1963 Ferrari 250 GT/L Berlinetta Lusso by Scaglietti
Sold For $1,600,000Inclusive of applicable buyer's fee.
RM | Sotheby's - AMELIA ISLAND 6 - 7 MARCH 2020 - Offered on Saturday
- Nearly five decades of fastidious care under single ownership
- Retains its matching-numbers engine
- Recipient of meticulous two-year restoration by the respected Bob Smith Coachworks
- Two-time Platinum awardee at the Cavallino Classic
- Documented history by marque historian Marcel Massini
- A beautifully presented and minimally driven example of the ultimate 250 GT road car
Please note that the title is in transit.
The Ferrari 250 GT/L berlinetta, simply known as the “Lusso,” is without a doubt one of the most successful and visually arresting grand touring cars ever built, as the apogee of the 250 GT platform’s mechanical development and claiming a sporting exterior that is aesthetically among the most acclaimed designs of all time. Introduced at the 1962 Paris Salon as a replacement for the 250 GT coupe, the Lusso (Italian for luxury) featured an all-new interior arrangement highlighted by a revised dash panel and leather upholstery throughout the cabin.
Mechanically, the type 168 U engine was the ultimate 3-liter development of the long-running short-block Colombo V-12, featuring the outside-plug ignition and single-cylinder porting that had proven so successful in the 250 Testa Rossa and California spider racing variants. This fantastic base was further bolstered by chassis improvements including four-wheel disc brakes, a suspension with coil-over shock absorbers at each corner, and a rear Watts linkage that had been perfected on the legendary 250 GTO.
Scaglietti’s realization of Pininfarina’s body design proved to be one of the coachbuilder’s most beautiful creations yet, with classic early cues like the egg-crate grille and delicately curved fenders giving way to long glass proportions and a fastback Kamm tail. Originally owned by jet-set luminaries and celebrities, such as Steve McQueen, the Lusso was built in a modest quantity of just 350 examples over roughly two years of production. The GT/L has since evolved into one of Maranello’s most collectable production models, essentially the final and most developed evolution of the revered 250 GT lineage.
This matching-numbers mid-production Lusso benefits from 48 years of single ownership by one dedicated caretaker, culminating in a boutique restoration that drew Platinum Awards at the Cavallino Classic on two different occasions. According to the research of marque expert Marcel Massini, chassis no. 5183 GT is the 152nd example built and was dispatched to Scaglietti for coachwork in September 1963. Originally finished in Verde Scuro (dark green) and appointed with a beige leather interior, the car completed factory assembly in mid-November specified as a left-hand-drive example for the European market with instruments in kilometers.
The Ferrari was immediately distributed to M. Gastone Crepaldi, the well-known marque dealer in Milan, and was soon sold to an unknown buyer. Sometime over the following seven years, the 250 GT was exported to the United States, and by 1970 the car was owned by Alan Croxford, the owner of a television repair shop in Hopkins, Minnesota. By this point the car had been refinished in traditional Rosso with a black interior. Mr. Croxford had the brightwork re-chromed and fitted new Dunlop wire wheels, new brakes, and a new exhaust system before offering the Lusso for sale in 1972. The car was then sold to Allan Pray of nearby Minnetonka, whose family eventually retained possession for a remarkable 48 years.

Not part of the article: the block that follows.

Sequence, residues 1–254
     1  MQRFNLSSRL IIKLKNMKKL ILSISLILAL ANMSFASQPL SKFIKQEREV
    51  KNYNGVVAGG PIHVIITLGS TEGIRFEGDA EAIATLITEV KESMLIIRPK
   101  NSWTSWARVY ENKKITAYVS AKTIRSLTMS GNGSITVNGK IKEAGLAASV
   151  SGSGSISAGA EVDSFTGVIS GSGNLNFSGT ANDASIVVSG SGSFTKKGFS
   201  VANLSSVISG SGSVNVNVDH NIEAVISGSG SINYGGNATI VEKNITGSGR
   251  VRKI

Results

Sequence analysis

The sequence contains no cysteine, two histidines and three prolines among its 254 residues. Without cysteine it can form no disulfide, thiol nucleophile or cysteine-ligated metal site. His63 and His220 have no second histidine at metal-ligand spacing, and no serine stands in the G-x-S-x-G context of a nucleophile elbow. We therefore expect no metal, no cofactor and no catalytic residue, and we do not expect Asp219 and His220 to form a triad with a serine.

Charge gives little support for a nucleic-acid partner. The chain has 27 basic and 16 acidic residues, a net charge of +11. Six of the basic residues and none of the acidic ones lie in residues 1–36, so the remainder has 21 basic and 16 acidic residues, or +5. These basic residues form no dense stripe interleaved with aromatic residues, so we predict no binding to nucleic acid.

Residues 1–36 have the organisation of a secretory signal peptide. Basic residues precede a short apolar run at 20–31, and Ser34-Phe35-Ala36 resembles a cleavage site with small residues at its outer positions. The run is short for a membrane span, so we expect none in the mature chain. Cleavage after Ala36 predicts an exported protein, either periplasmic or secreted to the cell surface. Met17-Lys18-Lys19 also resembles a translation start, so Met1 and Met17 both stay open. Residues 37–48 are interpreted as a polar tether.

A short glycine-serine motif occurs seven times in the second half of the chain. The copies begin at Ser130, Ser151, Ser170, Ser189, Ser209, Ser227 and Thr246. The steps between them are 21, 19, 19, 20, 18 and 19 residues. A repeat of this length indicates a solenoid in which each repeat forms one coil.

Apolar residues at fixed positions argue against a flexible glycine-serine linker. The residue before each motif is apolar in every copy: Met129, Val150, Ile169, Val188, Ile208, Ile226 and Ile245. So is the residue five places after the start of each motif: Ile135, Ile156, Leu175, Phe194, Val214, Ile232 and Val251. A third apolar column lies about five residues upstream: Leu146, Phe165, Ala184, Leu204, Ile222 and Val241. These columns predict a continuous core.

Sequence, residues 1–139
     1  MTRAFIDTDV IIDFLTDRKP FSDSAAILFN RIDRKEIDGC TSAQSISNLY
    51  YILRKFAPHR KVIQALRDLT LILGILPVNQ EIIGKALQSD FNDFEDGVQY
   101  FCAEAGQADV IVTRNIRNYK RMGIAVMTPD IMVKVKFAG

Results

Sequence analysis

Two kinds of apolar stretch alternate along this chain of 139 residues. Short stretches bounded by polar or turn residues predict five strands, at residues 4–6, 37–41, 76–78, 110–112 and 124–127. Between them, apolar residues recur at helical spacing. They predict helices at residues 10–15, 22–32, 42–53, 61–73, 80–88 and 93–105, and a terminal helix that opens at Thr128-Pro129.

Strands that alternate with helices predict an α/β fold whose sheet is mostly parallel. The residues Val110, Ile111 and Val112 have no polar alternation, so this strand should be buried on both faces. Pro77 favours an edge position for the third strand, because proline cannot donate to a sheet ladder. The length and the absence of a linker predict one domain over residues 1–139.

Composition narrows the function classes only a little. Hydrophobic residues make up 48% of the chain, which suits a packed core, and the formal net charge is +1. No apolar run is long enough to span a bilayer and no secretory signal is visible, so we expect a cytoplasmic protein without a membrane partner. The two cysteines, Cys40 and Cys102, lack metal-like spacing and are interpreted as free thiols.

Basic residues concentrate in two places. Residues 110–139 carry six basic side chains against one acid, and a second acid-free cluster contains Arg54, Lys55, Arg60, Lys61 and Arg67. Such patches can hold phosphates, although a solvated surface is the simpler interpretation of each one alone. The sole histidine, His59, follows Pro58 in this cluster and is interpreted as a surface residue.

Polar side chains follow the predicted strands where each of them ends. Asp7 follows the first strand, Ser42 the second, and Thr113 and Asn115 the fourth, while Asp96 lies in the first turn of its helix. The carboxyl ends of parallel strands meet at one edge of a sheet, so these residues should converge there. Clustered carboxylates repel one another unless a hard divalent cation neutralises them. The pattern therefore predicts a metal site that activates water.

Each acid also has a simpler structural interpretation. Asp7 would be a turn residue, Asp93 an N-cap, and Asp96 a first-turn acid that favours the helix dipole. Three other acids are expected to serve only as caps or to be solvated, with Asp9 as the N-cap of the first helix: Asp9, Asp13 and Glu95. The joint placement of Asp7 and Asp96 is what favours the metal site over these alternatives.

During the late 1970s, Mr. Pray commissioned a repaint and re-upholstery of the interior, while the engine was overhauled and the suspension was rebuilt. The owner fastidiously maintained the car while enjoying it on rare occasions, accruing very little mileage. In the late 2000s, Pray commissioned a comprehensive two-year refurbishment by the respected Bob Smith of Gainesville, Texas, whose restorations have been awarded at prestigious venues around the world. Mr. Smith completely rebuilt the engine, gearbox, suspension, brakes, and rear differential, while all the glass, chrome, and seals were refreshed. The coachwork was bare-blasted and repainted in a deep finish of medium blue paint, and the interior was retrimmed in supple beige leather.
The Ferrari was then presented at a handful of important events, starting with the Cavallino Classic in January 2009, where it won a coveted Platinum Award. In August 2011 the Lusso was displayed at the Rolex Monterey Motorsports Reunion at Laguna Seca, California, and in January 2019 the car returned to the Cavallino Classic with a number of small corrections to factory standards, resulting in another Platinum Award.
Currently displaying 22,055 kilometers (13,704 miles), this stunning Lusso is accompanied by a complete tool kit and owner’s manuals, and it would make a fantastic complement to any collection of sporting grand touring cars. The 250 GT continues to feature its matching-numbers body and type 168 U Colombo V-12 engine. Restored to a very high standard, 5183 GT is undoubtedly a superlative example of one of Maranello’s most acclaimed models, offering driving enjoyment or future competitive display at top-tier events and marque gatherings.